Artificial intelligence is being used in nearly every research field around the world, with adoption at its fastest pace since the technology emerged more than half a century ago. Its help as a productivity tool remains difficult to prove but still holds promise as the “technology of our time”.
That’s according to a report by the CSIRO which has analysed the impact of artificial intelligence (AI) on scientific discovery over the last 62 years.
It found AI research, investment and activity is at unprecedented scale, eclipsing the previous historical peaks which both then led to “AI winters”.
The CSIRO researchers don’t expect a third, however, and compares the potential lasting impacts of AI to that of electricity in in early 20th century.
“There are no signs of a slowdown,” the report said.
“Recent developments in AI are likely to have a lasting impact on how humans discover knowledge and solve problems in all fields of science and research.”
But as science looks for productivity gains amid an ongoing productivity slump, where more research effort is being invested to achieve the same or fewer outcomes, AI hasn’t yet proven to be it.
“The science productivity slump is causing a broader productivity slump across most industries and the entire economy,” the report said.
“As a general-purpose technology, AI can improve productivity in all domains of science and research and, therefore, all industries. However, at this stage we still refer to this as ‘a promise’ for productivity uplift.”
The potential is so great, the CSIRO compares it to electricity’s impact on the economic expansion of the Roaring 20s.
“It is possible that AI is the general-purpose technology of our time which leads to improved productivity in science which, in turn, improves productivity and growth in the whole economy,” the report said.
The Australian government has funded a National AI Centre and a recent graduates program to develop Australia’s local AI research talent. More initiatives are expected, with the new Labor government preserving around $113 million in AI funding but is not ruling out changes to its delivery after delays to earlier AI grant programs.
The CSIRO report was developed to assist researchers seeking to improve their own AI capabilities as the technology permeates into nearly every field.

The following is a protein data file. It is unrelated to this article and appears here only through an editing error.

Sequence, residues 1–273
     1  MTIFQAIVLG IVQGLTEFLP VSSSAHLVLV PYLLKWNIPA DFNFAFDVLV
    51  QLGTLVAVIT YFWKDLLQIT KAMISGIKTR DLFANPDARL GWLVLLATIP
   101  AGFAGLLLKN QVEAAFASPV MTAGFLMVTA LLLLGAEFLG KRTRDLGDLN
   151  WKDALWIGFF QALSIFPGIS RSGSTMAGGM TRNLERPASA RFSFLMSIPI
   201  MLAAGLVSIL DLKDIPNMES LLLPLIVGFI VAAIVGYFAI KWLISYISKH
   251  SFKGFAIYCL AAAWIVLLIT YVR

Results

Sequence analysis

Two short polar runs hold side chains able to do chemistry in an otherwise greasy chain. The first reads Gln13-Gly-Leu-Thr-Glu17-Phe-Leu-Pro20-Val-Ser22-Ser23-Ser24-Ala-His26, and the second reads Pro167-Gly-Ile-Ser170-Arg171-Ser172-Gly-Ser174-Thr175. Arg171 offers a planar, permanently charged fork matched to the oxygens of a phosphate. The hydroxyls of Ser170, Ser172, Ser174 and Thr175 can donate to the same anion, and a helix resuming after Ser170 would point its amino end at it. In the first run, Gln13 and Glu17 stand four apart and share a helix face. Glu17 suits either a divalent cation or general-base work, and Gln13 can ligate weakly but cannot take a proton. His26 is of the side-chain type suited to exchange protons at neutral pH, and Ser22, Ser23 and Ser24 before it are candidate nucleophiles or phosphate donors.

The report found evidence of AI adoption in 98 per cent of fields, with the steepest publishing increases recorded over the past half decade. Mathematics, decision sciences, engineering, neuroscience and health professions are noted as among the most prolific adopters.
The report identifies six future development pathways for AI: software and hardware upgrades; the quest for better data (not just big data); Education, training and capability uplift; “human-centric” AI; workforce diversity; and social expectations and regulations for ethical AI.
With AI growth expected to continue over the coming decade there is an imperative for science organisations to upgrade their capabilities through the pathways, according to the report.
“The development of trusted, responsible and ethical AI solutions will be increasingly important globally, and because we have moved quickly to build deep expertise in the field, Australia has a unique opportunity to lead in this area,” CSIRO chief scientist, Professor Bronwyn Fox said.
“An uplift in AI capabilities will also be needed across all scientific disciplines over the coming decades and it will be vital that we lift workforce diversity at the same time.”
The CSIRO has also identified AI as a key driver of the ‘Diving into digital’ megatrend – one of seven major trends the science agency has forecast to shape the challenges and significant opportunities Australia will face in the coming years.
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